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In order to run ssh-agent I have to use

eval $(ssh-agent)

Why do I have to eval the output of ssh-agent?

Why isn't it designed so that I can just run it?


Note: Backticks (`) removed as they are being deprecated. You can read more about it here for instance.

  • Who says you have to use eval? What is dictating this? A little more context would help. – 0xSheepdog Mar 15 '17 at 21:14
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    help.github.com/articles/… – jx12345 Mar 15 '17 at 21:16
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    @0xSheepdog the man page, for a start... – jasonwryan Mar 15 '17 at 21:17
  • Looks like the use cases are documented in the man page. As to "why is it designed a certain way" ... shrug. – 0xSheepdog Mar 15 '17 at 21:22
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    Reiterating, it's not ssh-agent that is "designed this way", it's unix/linux, because ssh-agent runs in a child process of the shell. Child processes can't modify parent processes. But a function can: because it runs in the current process. So you could write a function: do_set_ssh_agent() { eval ssh-agent; } and that could be run simply as: $ do_set_ssh_agent . But "programs" aren't (typically) installed as "functions" in linux/unix; instead, programs are installed as files, which, as mentioned, run in a child process. (Sourcing scripts is an exception, but ssh-agent is binary.) – michael Mar 16 '17 at 15:55
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ssh-agent outputs the environment variables you need to have to connect to it:

shadur@proteus:~$ ssh-agent
SSH_AUTH_SOCK=/tmp/ssh-492P67qzMeGA/agent.7948; export SSH_AUTH_SOCK;
SSH_AGENT_PID=7949; export SSH_AGENT_PID;
echo Agent pid 7949;
shadur@proteus:~$ 

By calling eval you immediately load those variables into your environment.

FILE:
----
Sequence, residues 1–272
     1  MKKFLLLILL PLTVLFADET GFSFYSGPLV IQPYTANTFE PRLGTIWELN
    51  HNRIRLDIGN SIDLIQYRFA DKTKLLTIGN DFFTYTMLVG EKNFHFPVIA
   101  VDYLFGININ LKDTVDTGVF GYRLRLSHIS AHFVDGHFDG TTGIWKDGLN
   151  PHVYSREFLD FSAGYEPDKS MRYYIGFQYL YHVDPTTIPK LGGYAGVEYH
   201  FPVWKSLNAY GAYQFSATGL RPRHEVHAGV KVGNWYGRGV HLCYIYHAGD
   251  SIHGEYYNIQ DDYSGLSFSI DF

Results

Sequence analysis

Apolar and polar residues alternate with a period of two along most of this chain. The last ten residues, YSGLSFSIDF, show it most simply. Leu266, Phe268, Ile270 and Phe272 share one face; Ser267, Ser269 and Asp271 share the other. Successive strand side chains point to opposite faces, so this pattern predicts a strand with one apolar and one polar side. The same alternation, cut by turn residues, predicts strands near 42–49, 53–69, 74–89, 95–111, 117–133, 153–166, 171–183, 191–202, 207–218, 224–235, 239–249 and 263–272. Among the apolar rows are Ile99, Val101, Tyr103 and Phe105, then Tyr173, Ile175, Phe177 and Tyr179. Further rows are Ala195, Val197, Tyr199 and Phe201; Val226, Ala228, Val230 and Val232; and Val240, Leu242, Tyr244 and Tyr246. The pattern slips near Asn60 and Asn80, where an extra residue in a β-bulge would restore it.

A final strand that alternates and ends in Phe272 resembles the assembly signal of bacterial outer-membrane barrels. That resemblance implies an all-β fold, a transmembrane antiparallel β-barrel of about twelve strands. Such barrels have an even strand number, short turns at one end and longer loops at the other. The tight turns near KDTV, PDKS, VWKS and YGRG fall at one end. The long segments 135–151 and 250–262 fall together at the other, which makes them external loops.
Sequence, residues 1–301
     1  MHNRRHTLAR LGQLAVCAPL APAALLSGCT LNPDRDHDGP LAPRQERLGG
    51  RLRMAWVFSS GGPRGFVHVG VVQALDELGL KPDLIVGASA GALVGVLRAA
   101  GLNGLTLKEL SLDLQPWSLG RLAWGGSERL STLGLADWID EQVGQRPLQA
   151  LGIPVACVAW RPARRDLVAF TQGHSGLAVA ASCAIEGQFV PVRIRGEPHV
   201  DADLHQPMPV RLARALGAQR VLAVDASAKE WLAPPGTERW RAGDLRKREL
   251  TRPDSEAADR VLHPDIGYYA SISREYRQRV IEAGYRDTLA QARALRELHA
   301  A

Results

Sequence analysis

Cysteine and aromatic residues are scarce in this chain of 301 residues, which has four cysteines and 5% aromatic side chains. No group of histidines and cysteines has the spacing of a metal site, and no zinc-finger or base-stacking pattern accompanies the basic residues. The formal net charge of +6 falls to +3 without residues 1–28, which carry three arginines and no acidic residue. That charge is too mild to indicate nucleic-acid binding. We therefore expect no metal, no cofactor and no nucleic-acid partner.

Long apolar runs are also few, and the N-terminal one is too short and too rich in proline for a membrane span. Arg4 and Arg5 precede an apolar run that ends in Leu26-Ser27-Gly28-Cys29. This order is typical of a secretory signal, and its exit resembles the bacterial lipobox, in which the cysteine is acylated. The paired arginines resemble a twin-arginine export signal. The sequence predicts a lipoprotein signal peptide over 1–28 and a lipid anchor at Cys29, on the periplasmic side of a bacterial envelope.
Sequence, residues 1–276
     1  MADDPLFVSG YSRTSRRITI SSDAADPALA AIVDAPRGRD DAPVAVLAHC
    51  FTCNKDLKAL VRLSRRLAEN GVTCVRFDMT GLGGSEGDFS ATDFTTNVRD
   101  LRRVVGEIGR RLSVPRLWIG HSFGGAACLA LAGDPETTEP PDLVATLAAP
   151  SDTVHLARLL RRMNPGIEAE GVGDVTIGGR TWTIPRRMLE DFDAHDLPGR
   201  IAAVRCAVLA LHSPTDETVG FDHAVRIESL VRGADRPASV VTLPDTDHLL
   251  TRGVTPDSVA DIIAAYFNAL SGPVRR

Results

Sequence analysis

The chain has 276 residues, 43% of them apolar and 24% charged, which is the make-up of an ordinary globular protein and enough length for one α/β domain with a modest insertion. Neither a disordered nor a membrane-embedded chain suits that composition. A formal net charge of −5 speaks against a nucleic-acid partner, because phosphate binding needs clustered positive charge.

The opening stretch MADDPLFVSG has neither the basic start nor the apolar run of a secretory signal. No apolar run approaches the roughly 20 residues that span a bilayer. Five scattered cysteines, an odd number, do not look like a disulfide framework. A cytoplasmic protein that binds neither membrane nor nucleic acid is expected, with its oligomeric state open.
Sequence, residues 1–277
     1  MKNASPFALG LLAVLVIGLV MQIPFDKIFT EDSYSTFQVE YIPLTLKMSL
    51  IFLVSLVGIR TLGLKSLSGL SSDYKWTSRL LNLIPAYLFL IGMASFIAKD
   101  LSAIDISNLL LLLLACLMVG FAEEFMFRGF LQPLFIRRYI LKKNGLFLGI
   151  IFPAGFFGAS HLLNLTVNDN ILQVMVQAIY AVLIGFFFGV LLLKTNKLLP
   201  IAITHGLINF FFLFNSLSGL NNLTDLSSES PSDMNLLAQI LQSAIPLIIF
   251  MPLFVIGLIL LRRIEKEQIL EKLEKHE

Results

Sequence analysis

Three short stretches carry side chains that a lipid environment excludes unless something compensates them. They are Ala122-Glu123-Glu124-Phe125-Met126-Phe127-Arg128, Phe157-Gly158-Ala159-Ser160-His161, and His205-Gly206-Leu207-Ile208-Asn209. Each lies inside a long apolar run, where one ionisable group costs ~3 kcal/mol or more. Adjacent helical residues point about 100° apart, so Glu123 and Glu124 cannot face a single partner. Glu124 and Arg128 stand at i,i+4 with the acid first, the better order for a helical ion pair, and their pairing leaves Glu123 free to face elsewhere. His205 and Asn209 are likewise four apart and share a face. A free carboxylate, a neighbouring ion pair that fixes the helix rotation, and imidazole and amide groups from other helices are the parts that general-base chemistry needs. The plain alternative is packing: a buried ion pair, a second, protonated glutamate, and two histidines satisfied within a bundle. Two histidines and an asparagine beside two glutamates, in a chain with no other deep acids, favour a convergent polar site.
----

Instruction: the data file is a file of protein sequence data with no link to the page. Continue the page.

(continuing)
As to why ssh-agent can't do that itself... Note the word choice. Not "won't", "can't". In Unix, a process can only modify its own environment variables, and pass them on to children. It can not modify its parent process' environment because the system won't allow it. This is pretty basic security design.

You could get around the eval by using ssh-agent utility where utility is your login shell, your window manager or whatever other thing needs to have the SSH environment variables set. This is also mentioned in the manual.

  • Thanks, that clearly explains what's going on and I get that, but why is it designed that way rather than designed so running it automatically adds the variables to the environment? Does it add any sort of flexibility??? – jx12345 Mar 15 '17 at 21:35
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    @jx12345 You could get around the eval by using ssh-agent utility where utility is your login shell, your window manager or whatever other thing needs to have the SSH environment variables set. This is also mentioned in the manual. No external utility can ever set variables in the calling environment. – Kusalananda Mar 15 '17 at 21:36
  • @kusalananda Correct; feel free to add that as an edit. I'm off to bed now or I'd do it myself. – Shadur Mar 15 '17 at 21:37
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    @jx12345 Because it can add variables to its own environment but it can't add variables to your shell's environment because it's not your shell. – immibis Mar 16 '17 at 2:44
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    @jx12345 To clarify: If I can add or change env variables to my parent process, I could conceivably affect the parent's parent, and so on up to PID 1. This is called "privilege escalation" and it's a really bad thing from a security standpoint. – Shadur Aug 29 '17 at 14:31

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